Saudi Arabia has officially requested Germany’s permission to buy several hundred of its Boxer armored vehicles, Der Spiegel reported on December 2. Germany’s Federal Security Council considered the purchase on November 26, but postponed a decision until next year, Spiegel claims.
“The Boxer is one of the most modern battle vehicles in the world,” writes Spiegel. “It can be equipped with a remote-controlled weapons station or converted into a mobile surgical unit. The Bundeswehr uses the Boxer in Afghanistan as an armored personnel carrier.” Saudi Arabia wants them for its Royal Guard, whose main job is to protect the royal family.
“The addition of Boxers … would provide the Guard with international state-of-the-art equipment,” writes Spiegel.
But Spiegel points out that “Boxers are also well suited for suppressing uprisings, particularly because their tires make them useable on roads.” If riots broke out in Saudi Arabia, “one scenario could involve units loyal to the royal family fighting revolting crowds with German tanks,” it wrote.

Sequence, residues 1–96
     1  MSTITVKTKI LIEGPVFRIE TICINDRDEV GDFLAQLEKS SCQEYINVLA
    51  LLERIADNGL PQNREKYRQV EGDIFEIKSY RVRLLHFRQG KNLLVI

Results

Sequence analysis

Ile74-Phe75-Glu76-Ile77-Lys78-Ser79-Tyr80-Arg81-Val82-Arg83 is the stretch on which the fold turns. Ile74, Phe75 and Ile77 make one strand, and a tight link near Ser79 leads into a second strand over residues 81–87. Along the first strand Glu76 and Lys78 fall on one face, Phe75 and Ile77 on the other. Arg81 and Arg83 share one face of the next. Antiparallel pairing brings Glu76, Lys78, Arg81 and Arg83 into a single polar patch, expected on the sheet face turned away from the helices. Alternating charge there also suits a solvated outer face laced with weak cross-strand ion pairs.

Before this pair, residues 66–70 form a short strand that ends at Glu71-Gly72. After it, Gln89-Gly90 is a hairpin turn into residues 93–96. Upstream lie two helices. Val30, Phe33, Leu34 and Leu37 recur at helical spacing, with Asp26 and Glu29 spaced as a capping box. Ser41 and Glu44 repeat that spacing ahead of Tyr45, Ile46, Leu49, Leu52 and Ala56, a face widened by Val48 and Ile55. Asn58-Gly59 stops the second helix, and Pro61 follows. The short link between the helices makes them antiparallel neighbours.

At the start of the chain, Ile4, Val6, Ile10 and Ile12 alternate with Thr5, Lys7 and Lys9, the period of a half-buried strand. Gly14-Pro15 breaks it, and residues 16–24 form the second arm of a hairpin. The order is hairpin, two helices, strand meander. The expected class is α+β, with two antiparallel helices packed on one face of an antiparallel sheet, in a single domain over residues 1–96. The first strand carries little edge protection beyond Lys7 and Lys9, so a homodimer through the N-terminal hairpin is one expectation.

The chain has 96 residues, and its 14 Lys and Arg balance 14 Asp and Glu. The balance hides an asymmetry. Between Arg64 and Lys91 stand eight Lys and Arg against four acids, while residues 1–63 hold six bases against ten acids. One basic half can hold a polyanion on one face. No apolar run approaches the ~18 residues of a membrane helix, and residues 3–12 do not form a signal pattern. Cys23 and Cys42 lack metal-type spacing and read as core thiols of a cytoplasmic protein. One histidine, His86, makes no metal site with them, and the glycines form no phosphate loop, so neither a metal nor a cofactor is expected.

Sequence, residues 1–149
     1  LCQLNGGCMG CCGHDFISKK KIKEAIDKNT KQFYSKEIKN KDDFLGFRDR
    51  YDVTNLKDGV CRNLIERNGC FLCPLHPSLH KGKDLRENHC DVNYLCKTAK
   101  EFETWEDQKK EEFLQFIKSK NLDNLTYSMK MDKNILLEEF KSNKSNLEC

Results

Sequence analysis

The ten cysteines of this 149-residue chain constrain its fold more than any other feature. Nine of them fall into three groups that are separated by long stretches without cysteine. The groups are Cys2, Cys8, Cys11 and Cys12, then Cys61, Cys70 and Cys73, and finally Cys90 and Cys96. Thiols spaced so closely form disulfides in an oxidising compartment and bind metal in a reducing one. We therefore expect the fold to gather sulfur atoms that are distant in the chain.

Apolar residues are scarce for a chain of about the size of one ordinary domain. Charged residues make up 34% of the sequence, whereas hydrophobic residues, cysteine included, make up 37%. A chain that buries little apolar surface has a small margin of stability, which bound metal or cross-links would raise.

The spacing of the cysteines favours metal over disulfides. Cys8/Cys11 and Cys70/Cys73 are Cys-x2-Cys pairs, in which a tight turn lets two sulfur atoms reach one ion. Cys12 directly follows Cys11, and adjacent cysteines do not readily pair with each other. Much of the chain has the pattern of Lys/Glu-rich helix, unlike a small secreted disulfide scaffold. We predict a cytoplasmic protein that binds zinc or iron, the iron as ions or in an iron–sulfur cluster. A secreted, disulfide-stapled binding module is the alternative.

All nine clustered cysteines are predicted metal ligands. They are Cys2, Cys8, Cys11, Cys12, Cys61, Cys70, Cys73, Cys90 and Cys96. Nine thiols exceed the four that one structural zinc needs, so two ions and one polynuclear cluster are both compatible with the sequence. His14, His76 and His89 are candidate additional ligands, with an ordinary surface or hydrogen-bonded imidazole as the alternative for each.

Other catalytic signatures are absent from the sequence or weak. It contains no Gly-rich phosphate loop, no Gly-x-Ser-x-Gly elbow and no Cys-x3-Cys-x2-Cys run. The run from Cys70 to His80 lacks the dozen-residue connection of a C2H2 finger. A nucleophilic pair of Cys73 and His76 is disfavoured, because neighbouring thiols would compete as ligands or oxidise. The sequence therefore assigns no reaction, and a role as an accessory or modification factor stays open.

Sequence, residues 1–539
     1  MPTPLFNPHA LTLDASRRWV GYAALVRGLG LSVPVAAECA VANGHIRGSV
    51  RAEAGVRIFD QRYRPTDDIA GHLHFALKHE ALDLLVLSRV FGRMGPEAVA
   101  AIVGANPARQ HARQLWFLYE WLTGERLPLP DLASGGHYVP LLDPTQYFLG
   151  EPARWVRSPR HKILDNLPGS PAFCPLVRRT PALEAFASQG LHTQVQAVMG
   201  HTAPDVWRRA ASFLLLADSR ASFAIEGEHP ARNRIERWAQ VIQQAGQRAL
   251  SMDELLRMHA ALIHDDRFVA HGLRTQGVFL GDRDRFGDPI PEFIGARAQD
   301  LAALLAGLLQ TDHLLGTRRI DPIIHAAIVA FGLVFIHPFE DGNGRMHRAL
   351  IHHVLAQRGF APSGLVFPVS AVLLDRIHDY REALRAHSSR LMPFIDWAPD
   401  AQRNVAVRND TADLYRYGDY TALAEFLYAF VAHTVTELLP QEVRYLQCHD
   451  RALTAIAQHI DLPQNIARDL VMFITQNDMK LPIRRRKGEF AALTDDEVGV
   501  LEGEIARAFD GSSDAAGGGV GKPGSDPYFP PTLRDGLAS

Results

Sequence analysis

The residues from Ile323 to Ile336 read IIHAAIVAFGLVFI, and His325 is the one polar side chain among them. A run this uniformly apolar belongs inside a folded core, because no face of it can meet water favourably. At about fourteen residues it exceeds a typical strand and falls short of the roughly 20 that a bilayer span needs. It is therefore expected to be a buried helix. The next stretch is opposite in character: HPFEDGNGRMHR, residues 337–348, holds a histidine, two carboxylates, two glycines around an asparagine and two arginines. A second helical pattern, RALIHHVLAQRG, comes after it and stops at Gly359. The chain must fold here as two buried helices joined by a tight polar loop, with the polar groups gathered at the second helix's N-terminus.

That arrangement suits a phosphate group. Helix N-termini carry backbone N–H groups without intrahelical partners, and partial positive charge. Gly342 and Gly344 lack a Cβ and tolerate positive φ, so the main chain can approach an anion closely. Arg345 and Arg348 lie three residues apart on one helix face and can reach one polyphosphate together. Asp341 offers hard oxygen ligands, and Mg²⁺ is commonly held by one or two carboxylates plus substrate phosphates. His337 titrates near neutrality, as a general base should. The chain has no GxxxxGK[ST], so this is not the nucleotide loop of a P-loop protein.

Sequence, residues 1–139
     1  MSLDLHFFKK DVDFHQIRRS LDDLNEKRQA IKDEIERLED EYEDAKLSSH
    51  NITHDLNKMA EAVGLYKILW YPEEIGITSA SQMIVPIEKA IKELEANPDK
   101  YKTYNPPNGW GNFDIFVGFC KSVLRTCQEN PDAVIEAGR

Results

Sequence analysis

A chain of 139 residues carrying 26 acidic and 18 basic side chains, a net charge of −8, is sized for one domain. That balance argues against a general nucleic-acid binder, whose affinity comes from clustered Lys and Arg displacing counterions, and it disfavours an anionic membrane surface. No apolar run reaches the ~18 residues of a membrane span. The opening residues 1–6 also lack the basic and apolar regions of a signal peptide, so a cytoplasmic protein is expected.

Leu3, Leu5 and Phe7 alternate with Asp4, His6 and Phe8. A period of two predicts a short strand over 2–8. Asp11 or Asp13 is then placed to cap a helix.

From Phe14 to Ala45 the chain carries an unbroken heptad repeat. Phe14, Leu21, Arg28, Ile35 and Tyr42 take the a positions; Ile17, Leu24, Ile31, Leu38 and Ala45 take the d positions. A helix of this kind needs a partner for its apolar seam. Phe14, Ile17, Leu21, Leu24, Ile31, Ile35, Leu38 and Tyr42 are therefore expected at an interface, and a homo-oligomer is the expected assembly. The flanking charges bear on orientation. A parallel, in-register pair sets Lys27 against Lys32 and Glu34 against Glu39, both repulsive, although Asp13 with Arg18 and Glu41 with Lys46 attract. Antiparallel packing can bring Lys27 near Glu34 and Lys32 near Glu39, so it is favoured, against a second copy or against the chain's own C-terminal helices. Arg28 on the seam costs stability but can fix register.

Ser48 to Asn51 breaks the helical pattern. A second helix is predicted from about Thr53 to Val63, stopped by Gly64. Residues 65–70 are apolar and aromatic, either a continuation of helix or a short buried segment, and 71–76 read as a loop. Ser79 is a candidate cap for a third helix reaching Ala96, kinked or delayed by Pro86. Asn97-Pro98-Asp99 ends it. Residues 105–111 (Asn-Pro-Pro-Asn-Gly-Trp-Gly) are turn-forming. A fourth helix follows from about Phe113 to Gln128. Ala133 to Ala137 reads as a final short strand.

If approved, this deal would deepen the already strong arms links between Germany and Saudi Arabia. The latter is already planning to buy 270 German Leopard A7 tanks—one of the most advanced tanks in the world.
Germany is using its arms industry strategically to build up the enemies of Iran and create an alliance for itself in the Middle East. Spiegel wrote:
German high-tech weapons are a hot commodity among Arab potentates and other autocrats. They haven’t failed to notice that the coalition government of Chancellor Angela Merkel’s center-right Christian Democratic Union (cdu) and the pro-business Free Democratic Party (fdp) has steadily relaxed Germany’s otherwise restrictive arms export policy .…
The numbers suggest that the Merkel doctrine is beginning to have its effect. In accordance with the chancellor’s wishes, Germany is now sending soldiers to conflict zones in emergency situations only. Instead, “partner countries” in the affected regions are to be strengthened through arms exports to handle the job of maintaining peace and security on their own.
This German strategy is one the Trumpet has written about extensively. For more information on it, read our article “Next in Line, Please” from the December print edition of the Trumpet. ▪